Chinese outbound companies have never been fuelled with so much energy. Richard Li explores how the authorities are supercharging the country’s outbound vehicles.

If China were a racing car, it would be spinning wheels and burning rubber right now in hot pursuit of overseas investment. Recent regulatory changes at the top level have made it much easier for outbound investors to get “go out” permission, and this has enabled their overseas structures to become more powerful vehicles for outbound acquisitions. All this could fuel the economy’s current hot outbound activity.

A combination of several reasons has driven the central government to ignite companies’ outbound ambitions. “As Chinese companies develop, industrial and technological upgrading becomes necessary, while the domestic market has become increasingly saturated – so they need to go out to develop other markets,” observes Charles Guan, managing partner of Grandall Law Firm’s Shanghai office.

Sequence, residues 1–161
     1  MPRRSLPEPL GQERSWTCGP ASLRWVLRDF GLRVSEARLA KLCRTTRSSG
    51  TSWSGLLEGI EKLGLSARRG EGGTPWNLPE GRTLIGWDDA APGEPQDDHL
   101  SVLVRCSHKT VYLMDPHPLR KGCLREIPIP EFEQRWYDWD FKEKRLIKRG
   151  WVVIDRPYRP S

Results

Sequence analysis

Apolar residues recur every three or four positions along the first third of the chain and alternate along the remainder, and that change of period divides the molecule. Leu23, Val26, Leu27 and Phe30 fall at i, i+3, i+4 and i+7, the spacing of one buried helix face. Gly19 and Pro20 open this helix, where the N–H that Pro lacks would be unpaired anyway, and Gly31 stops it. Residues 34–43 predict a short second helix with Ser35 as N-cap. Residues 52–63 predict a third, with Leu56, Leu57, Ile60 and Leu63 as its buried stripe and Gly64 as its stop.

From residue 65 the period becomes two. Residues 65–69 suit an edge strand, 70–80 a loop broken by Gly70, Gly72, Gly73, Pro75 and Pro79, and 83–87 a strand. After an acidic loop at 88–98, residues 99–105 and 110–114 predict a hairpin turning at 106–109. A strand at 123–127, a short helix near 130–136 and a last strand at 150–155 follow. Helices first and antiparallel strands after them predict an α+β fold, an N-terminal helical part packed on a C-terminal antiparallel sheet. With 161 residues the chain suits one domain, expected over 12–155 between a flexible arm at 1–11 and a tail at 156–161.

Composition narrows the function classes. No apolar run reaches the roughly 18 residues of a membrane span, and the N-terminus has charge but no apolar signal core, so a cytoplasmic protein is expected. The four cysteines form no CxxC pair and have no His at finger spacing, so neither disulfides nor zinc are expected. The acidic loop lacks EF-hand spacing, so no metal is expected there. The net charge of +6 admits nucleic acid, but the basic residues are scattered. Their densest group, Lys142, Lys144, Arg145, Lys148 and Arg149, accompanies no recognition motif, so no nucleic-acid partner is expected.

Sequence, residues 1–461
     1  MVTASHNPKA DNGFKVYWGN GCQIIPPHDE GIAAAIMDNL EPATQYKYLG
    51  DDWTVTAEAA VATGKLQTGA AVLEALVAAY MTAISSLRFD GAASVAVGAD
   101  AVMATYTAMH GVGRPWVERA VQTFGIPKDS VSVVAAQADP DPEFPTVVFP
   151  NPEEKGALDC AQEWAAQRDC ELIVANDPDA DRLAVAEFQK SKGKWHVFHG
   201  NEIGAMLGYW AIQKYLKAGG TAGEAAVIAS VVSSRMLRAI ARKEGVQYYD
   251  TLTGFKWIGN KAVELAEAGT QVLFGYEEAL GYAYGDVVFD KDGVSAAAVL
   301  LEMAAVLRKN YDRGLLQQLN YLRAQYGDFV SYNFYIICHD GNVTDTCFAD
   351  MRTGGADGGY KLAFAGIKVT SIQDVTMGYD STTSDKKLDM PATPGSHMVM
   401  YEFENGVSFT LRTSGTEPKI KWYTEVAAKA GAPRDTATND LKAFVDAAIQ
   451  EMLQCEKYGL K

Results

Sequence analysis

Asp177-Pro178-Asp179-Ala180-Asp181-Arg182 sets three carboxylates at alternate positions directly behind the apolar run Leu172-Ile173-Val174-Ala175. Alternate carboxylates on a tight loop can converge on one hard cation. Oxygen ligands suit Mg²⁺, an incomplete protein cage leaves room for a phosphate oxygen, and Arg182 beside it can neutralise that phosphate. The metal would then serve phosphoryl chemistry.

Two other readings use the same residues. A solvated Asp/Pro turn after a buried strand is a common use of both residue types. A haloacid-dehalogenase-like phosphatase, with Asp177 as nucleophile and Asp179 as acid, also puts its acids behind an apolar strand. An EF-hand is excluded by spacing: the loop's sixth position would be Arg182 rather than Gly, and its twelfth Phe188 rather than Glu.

“Also, with many years of development Chinese companies have become much more mature, and stronger in international competition. Meanwhile, both the foreign exchange reserves of the country and the capital reserves of the company have now become more sufficient than before.”

After the State Council published a new catalogue on investment approval, both the National Development and Reform Commission (NDRC) and the Ministry of Commerce (MOFCOM) followed suit to revise their mechanisms for the review of outbound investment, putting a full stop to approval requirements for a broad range of investment.

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